China’s upper hand in foreign relations with Myanmar is evident in the series of large-scale infrastructure projects undertaken in Myanmar. For instance, the controversial Myitsone Dam in Kachin state was originally slated to export 90% of its electricity to China. Signed as a joint venture under the military’s leadership in 2009, the flooding of the dam site has resulted in the displacement of more than 12,000 Kachin locals. Construction on the dam was suspended following mass protests in 2011 during President Thein Sein’s democratic reforms. If completed as scheduled, it would have become the fifteenth largest hydropower dam in the world. Similarly in Sagaing in 2012, another wave of mass demonstrations were launched against a Sino-Burmese copper mine, owned by Myanmar Wanabo Copper Mining and China North Industries Corp., jointly operated with Myanmar’s Ministry for Mines and Industry.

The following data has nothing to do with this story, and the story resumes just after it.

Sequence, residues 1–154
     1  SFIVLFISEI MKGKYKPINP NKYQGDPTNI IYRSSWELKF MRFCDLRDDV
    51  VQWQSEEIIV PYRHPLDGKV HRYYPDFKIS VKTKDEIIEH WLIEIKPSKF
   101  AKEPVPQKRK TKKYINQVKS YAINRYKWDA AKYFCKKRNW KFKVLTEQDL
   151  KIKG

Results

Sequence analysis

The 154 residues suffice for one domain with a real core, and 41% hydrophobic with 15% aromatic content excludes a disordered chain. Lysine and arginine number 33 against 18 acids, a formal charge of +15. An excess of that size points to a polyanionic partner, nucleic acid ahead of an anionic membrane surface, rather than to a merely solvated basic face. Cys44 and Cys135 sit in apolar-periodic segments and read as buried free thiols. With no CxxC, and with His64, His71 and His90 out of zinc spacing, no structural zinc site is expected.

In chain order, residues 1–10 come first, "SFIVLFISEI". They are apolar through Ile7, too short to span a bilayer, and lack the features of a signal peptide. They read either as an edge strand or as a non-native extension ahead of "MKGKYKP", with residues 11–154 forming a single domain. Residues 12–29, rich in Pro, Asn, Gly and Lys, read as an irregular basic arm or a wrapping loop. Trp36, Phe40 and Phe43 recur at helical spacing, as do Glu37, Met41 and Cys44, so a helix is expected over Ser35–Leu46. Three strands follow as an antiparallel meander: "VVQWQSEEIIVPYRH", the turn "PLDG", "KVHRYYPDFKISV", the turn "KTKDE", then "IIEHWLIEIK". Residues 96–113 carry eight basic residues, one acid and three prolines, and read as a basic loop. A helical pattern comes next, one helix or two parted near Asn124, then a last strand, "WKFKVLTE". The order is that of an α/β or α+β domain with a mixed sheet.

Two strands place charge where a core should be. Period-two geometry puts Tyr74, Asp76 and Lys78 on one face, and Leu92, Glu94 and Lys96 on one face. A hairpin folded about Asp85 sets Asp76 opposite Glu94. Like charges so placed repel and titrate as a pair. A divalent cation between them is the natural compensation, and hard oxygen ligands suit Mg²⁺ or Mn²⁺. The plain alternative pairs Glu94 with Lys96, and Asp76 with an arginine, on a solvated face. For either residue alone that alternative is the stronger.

Other examples of large-scale infrastructure projects that come at little perceived benefit to Myanmar include the oil and gas pipelines linking Sittwe, capital of Rakhine State, to Kunming, China. According to Suresh Sivanandam, senior research manager for Asia at Wood Mackenzie, Myanmar stands to gain a small amount of revenue from storage and transit fees, as well as benefit in the future through the experience of building energy infrastructure for China. The gas pipeline began operating in 2013, and the oil pipeline began operating April 2017, after three years of negotiations to get Myanmar to agree to lower transit fees.
Not just China, but many foreign investors are attracted to the opportunities presented by Myanmar’s resource-rich borderlands. According to Transnational Institute, two-thirds of Myanmar’s total foreign investment is concentrated in these areas. In Kyaukphyu, Rakhine State, where the above-mentioned oil and gas pipeline projects begin, 4,000 acres have been designated as a special economic zone for Chinese and Thai firms to develop. This was just one among several contracts awarded in the final weeks before the military’s transition of power, without consultation of Aung San Suu Kyi’s National League for Democracy nor requiring legislative approval.
The following part looks at possible development strategies that would help address these three issues.